The charging circuit of this pulse generator system
described here is of a command resonant type. It is
capable of operating in burst mode with a maximum of
100 pulse bursts at 5 kHz pulse repetition frequency. The
circuit can charge 6 nF of capacitance to 30 kV in 50 µs.
The repetition rate of the Charger / Pulse Generator
system is presently limited by the Pseudospark switch to
1.5 kHz.
0 - 30 kV out
0 - 600V, 10 A
DC Power Supply
5 mF
Gate drive
+18 V
Optical Trig. In
Pulse length
EXT. Trig. In
Burst length
Figure 1. Rapid Charger block diagram
During the charging period the transformer leakage
inductance forms a resonant circuit with the load
capacitance. The output voltage wave shape of the
charger is, therefore, a half sine wave. As the primary
storage capacitance is much larger than the load
capacitance reflected to the primary side it behaves as a
constant voltage source. Charging is completed when the
current in the resonant inductance returns to zero, thus all
energy is transferred to the load capacitance. The
nominal output voltage in the absence of any losses is
twice the primary storage voltage times the turns ratio of
the transformer.
This work was primarily funded by the Compact-Pulsed Power MURI program funded by the Director of Defense
Research and Engineering (DDR&E) and managed by the Air Force Office of Scientific Research (AFOSR) and was
also funded by the Army Research Office (ARO).
email: [email protected]
A. Primary Energy Storage
The commercial DC power supply keeps the primary
energy storage capacitor bank at a constant voltage. The
bank capacitance is 5mF. It consists of 8 electrolytic
capacitors, 2500µF / 350V each, in a series-parallel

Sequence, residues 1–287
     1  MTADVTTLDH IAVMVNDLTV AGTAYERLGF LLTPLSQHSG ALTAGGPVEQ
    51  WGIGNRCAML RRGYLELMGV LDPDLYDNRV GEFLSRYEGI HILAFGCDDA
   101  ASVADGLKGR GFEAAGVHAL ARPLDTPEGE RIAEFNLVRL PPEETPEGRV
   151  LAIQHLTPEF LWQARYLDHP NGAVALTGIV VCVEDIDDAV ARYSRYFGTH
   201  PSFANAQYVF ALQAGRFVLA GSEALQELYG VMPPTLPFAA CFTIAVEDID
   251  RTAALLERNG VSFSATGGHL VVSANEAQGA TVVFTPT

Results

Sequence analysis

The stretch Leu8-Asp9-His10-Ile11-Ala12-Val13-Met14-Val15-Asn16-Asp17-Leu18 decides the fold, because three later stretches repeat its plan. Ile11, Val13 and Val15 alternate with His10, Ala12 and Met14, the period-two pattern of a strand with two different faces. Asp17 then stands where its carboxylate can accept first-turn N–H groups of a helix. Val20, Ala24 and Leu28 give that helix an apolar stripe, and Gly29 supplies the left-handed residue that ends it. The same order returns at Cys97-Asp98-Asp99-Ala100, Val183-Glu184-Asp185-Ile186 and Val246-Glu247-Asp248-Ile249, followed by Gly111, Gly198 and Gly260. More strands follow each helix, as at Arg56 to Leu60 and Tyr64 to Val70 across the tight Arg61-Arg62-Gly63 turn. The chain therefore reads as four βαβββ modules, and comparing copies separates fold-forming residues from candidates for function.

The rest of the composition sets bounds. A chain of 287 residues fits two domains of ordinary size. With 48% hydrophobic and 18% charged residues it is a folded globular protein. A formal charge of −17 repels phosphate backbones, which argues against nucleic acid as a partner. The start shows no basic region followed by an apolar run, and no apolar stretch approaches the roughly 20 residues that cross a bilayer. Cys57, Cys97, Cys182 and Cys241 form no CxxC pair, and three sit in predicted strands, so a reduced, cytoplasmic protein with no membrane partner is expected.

arrangement. With 100V safety margin, the bank can be
charged to 600V, although it is used generally below
400V. A resistive voltage divider ensures that all
capacitors are stressed equally. The capacitors were
chosen according to the lowest equivalent series
resistance, so efficiency loss due to non-ideal bank
capacitance is minimized.
B. Switch
The main switch is an Insulated Gate Bipolar
Transistor (IGBT) 1MBI600PX-120 from FUJI
Electronics. It is rated at 600 A maximum continuous
current and 1200 V maximum collector potential. The
switch can operate in pulsed mode at twice the rated
current, but the voltage rating is quite rigid, so protection
circuitry is essential for reliable switch operation. This
protection is provided by the 1Ω / 10W resistor in series
with the 10 µF / 900V capacitor connected across the
collector and emitter terminals. As Figure 2 shows, the
Flyback pulse at the end of the charging period does not
rise above 600 V in normal operation. For the worst case,
when the switch interrupts a fault current of ~1 kA, the
1 Ω resistor limits the rising edge of the collector voltage
to 1 kV. The stored energy in the magnetizing inductance
of the transformer is then comfortably absorbed by the
series capacitor, clamping the rest of the waveform below
1200 V.
Special attention must be paid to the gate drive of the
IGBT. We use a 9 A rated driver IC, the NCP4422. The